How Chennai’s Kannagi Nagar is turning into an art district

Kannagi Nagar is now a canvas for artists from India and abroad. How is the community welcoming this initiative by St+art India?

Nila, a transgender artist from Chennai, walked along Kannagi Nagar wielding a megaphone a couple of weeks ago. She was surrounded by boisterous children, who put up notices around the many identical multi-storied apartments, as she made her announcements.

She was inviting residents to participate in an informal open mic on the empty grounds of Kannagi Nagar. Today, she is riding pillion on a bike that whizzes past the many colourful façades — again, megaphone in hand — announcing the festivities that are to unfurl in the evening; festivities that will officially mark Kannagi Nagar’s transformation into an art district.

Done in collaboration with Greater Chennai Corporation and Chennai Smart City Limited and Asian Paints, St+art India’s pet project, which identified one of Chennai’s most neglected rehabilitation neighbourhoods, is well on its way to completion. Sixteen façades feature the work of 16 national and international artists. But it is not just the walls that deserve attention: the many interventions that St+art has had with city-based NGOs and other collectives, in an attempt to engage with the community, bring more stories.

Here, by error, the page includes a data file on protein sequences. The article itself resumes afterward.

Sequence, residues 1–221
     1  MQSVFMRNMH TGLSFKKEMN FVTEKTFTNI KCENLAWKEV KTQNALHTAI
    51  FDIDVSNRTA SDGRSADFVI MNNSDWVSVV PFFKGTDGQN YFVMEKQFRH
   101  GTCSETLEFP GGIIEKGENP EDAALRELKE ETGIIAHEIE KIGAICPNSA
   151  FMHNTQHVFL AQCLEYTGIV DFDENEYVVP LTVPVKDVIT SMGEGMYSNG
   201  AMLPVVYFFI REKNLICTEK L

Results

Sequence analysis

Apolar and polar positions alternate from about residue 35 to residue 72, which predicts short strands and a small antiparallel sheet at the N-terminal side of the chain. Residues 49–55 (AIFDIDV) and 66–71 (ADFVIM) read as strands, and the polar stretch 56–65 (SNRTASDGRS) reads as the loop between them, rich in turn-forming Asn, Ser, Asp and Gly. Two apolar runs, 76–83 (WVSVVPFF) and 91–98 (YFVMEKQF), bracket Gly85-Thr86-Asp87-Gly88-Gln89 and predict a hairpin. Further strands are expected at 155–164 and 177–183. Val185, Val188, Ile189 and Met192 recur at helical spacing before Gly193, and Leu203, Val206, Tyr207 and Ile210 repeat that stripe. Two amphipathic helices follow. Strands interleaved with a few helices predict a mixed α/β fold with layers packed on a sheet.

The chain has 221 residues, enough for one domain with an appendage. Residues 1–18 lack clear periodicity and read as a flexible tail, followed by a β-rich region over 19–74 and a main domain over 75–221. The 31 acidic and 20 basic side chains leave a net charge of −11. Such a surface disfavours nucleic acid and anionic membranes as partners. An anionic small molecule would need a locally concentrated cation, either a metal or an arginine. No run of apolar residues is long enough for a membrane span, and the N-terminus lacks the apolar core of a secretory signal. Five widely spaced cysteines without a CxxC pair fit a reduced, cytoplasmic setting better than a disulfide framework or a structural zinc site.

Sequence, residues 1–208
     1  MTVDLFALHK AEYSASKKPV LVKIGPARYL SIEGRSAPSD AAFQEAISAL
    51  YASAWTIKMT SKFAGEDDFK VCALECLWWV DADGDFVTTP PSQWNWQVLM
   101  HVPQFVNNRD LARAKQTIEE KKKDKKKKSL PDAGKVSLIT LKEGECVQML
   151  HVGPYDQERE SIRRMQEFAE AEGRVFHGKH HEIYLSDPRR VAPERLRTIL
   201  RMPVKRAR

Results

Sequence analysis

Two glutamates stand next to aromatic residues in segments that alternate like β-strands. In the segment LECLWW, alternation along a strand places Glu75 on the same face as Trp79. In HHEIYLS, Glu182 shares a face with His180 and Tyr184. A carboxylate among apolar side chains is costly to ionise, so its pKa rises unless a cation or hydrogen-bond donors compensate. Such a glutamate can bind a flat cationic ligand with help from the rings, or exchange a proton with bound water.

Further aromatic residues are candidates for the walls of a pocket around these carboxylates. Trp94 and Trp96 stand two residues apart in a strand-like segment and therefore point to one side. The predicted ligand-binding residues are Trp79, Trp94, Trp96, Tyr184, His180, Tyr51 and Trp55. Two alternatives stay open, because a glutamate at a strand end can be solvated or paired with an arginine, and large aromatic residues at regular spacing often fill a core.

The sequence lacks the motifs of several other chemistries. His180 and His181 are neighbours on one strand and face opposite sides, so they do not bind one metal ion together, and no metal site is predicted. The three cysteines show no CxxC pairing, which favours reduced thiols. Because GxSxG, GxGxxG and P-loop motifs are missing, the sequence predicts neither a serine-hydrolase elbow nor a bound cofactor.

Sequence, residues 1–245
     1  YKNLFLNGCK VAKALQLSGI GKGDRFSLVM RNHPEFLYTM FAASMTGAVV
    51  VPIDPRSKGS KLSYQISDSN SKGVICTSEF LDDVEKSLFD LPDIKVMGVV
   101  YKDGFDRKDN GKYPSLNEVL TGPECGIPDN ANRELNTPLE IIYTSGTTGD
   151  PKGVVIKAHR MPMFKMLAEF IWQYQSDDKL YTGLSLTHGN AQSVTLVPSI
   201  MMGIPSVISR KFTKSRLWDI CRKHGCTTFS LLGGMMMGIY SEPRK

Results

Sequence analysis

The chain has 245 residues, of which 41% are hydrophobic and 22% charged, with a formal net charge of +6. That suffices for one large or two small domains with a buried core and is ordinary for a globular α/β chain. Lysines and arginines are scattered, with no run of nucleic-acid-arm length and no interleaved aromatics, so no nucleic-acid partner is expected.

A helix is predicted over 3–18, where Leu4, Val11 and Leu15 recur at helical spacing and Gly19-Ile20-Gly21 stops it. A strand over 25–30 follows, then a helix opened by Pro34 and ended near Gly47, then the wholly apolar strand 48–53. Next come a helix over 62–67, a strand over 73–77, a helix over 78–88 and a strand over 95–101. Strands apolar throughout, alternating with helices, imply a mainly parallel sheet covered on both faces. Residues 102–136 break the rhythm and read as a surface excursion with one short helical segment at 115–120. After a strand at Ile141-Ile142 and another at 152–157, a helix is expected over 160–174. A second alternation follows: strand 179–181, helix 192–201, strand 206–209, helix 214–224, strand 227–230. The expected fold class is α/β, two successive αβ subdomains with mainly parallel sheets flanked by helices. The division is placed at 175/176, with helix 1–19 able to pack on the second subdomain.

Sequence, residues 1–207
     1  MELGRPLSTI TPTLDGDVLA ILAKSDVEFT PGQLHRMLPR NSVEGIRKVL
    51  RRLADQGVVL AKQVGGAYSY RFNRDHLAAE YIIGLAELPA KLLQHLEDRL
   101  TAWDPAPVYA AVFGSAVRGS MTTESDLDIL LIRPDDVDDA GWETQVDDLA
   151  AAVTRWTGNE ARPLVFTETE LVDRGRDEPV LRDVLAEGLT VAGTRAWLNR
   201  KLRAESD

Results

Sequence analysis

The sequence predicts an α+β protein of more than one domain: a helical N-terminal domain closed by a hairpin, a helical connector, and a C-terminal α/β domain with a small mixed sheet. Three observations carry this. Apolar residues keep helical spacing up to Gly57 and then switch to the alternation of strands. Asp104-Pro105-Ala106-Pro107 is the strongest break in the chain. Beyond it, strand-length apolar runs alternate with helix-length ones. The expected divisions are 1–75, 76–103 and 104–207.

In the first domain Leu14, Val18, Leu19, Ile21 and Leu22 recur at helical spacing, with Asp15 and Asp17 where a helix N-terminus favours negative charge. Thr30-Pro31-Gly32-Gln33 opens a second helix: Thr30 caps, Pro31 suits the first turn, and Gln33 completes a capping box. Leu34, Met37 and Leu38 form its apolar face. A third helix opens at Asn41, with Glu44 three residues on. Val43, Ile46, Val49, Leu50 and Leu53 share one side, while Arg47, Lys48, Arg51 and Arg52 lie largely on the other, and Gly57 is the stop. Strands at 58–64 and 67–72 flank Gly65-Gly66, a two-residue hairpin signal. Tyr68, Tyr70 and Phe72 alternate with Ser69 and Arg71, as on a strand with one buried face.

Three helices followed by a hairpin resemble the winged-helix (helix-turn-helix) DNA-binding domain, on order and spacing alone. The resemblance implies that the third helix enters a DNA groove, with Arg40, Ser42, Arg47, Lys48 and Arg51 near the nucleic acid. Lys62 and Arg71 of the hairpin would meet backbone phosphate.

A resettlement area with a population of 80,000 people relocated from settlements for the disadvantaged and the river beds of Cooum, Adyar, and the Buckingham Canal, Kannagi Nagar is often associated with crime. And most reportage from this area have magnified only this aspect, according to Guilia Ambrogi, curator and co-founder of St+art India Foundation.

Standing against the lively background of a children’s volleyball game, she says, “If we do a Google search of Kannagi Nagar, we only see reports of crime, and problems of the past. There was a discrepancy and polarisation in what we found on media and what we felt on the ground. This is not to say that there is no crime, but definitely, it has become the only reading of the space, which is not right. There is a lively community here that many seem to ignore,” says Guilia.